ADVERTISEMENT

Beyond IPL's Glamour is an Unrecognised Phenomenon — Tennis Ball Cricket

Whether the government supports it or not, tennis-ball cricketers will remain enthusiastic about their sport.

Published
Opinion
5 min read
Beyond IPL's Glamour is an Unrecognised Phenomenon — Tennis Ball Cricket
i

Cricket is undoubtedly our “real” national sport, but not everyone can manage the facilities or resources required to play the game – the hard red ball, the pads, protective gear, and full-size playgrounds. That’s why it may well be true that the real spirit of India lies in tennis-ball cricket.

This is readily apparent from the daily sights in every part of the country. A young Rajasthani pace-bowler is sprinting barefooted on burning sand to hurl histhunderbolts.

A callow Mumbai teen tries to stroke a drive along the ground in a game of gully cricket, afraid to slog the ball for fear that it might shatter the glass windows of the building next door. Enthusiastic Keralites are playing in the rain, allowing the tennis ball to soak up the moisture till it is too soggy to bounce. The faces of cricket-loving monks in Ladakh are shining with sweat, as they toil hard in a “friendly” all-day match in the snow-covered Himalayas.

Delhi youth are rotating strike under the entrance to a metro station,their voices echoing far and wide as the trains trundle past across the nation’s capital.

ADVERTISEMENT

India's Craze for Cricket Overcomes All Odds

Cricket is king, but Indians have transformed a resource-intensive sport into something they can afford. Adjusting to the inadequate means available to them, they find workable and cost-effective alternatives to cricket kits they don’t have: a stack of bricks, three near-parallel straight lines scratched with coal on a wall to serve as stumps, or even a plastic chair doubling as the wickets.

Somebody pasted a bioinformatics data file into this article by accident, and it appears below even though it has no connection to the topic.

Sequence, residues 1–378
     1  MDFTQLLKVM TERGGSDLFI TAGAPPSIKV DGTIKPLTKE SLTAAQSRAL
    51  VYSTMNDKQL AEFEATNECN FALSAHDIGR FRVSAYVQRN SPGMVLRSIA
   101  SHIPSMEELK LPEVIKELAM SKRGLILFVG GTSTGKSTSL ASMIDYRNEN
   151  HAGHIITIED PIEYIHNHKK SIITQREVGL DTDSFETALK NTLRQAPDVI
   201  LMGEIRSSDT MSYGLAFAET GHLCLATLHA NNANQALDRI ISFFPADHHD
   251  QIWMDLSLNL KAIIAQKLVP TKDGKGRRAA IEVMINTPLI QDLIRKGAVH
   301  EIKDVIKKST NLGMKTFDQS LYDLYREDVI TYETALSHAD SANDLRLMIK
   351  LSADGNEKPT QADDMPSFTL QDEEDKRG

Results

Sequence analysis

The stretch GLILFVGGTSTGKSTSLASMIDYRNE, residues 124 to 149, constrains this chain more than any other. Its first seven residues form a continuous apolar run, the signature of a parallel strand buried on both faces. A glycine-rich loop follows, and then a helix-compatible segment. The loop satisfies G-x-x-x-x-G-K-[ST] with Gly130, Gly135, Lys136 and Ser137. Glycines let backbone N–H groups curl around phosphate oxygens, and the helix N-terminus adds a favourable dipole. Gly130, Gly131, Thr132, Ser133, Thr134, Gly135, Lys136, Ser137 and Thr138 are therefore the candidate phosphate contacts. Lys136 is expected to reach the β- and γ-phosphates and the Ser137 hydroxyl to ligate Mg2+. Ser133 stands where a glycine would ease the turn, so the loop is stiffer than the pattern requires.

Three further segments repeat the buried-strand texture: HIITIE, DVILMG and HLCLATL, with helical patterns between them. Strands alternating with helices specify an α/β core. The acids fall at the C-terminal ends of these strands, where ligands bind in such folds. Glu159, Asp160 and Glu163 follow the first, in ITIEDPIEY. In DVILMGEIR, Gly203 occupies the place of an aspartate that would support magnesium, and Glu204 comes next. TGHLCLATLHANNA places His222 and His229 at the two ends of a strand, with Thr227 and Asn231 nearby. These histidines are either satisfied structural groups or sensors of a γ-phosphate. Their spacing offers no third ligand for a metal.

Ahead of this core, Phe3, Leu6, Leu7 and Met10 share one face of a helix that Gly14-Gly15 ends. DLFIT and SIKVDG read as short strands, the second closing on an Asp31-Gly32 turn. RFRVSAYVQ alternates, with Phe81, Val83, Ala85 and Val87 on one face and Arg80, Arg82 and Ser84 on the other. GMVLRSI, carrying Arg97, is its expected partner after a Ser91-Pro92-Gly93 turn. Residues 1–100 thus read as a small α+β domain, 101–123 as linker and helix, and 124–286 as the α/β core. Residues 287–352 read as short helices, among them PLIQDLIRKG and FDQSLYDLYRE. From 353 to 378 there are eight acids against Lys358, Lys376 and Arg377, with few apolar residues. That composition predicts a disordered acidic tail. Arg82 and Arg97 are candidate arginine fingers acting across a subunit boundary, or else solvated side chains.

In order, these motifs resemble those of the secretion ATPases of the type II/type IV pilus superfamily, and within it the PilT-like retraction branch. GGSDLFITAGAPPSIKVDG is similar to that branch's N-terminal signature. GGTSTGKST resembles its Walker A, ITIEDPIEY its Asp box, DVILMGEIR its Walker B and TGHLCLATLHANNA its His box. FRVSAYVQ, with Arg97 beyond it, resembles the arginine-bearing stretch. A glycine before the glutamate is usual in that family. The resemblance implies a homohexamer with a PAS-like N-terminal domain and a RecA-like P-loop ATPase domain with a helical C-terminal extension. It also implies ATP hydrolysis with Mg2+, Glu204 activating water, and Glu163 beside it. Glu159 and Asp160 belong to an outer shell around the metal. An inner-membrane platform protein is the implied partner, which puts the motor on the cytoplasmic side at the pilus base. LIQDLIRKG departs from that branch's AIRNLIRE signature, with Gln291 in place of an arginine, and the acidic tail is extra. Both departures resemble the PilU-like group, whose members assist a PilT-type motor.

The playground is wherever they can conjure one, from a backyard to a beach to a relatively-uncrowded street, the courtyard of a school or a church, the driveway of a residential building, the open space near a public facility. All you need is a bat and a tennis ball: any place can substitute as a cricket field.

In a batsman-dominated sport, effective bowling techniques are invented to redress the balance. A tennis ball taped on one side allows the bowlers to swing it prodigiously. Pads, gloves and abdominal guards are not required, since no one has suffered concussion from being hit by a tennis-ball. When the stumps are a wall, wicket-keepers are surplus to requirements. In a narrow gully, you can do with many fewer fielders than the standard eleven.

Thus armed with a bat and a tennis-ball, the players—usually children and youth—set about the sport with great abandon, their enthusiasm usually exceeding their ability.

Parallel Universe of Tennis-Ball Cricket